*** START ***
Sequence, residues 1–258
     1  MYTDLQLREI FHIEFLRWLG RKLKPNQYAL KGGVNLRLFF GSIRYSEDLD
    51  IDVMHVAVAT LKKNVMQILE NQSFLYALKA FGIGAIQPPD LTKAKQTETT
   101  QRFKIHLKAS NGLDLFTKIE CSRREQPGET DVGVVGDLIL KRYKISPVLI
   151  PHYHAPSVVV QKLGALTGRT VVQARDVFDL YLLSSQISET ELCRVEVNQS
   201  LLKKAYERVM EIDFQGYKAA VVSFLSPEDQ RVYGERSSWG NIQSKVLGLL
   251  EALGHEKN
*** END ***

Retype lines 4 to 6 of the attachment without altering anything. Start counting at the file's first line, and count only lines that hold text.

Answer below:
   101  QRFKIHLKAS NGLDLFTKIE CSRREQPGET DVGVVGDLIL KRYKISPVLI
   151  PHYHAPSVVV QKLGALTGRT VVQARDVFDL YLLSSQISET ELCRVEVNQS
   201  LLKKAYERVM EIDFQGYKAA VVSFLSPEDQ RVYGERSSWG NIQSKVLGLL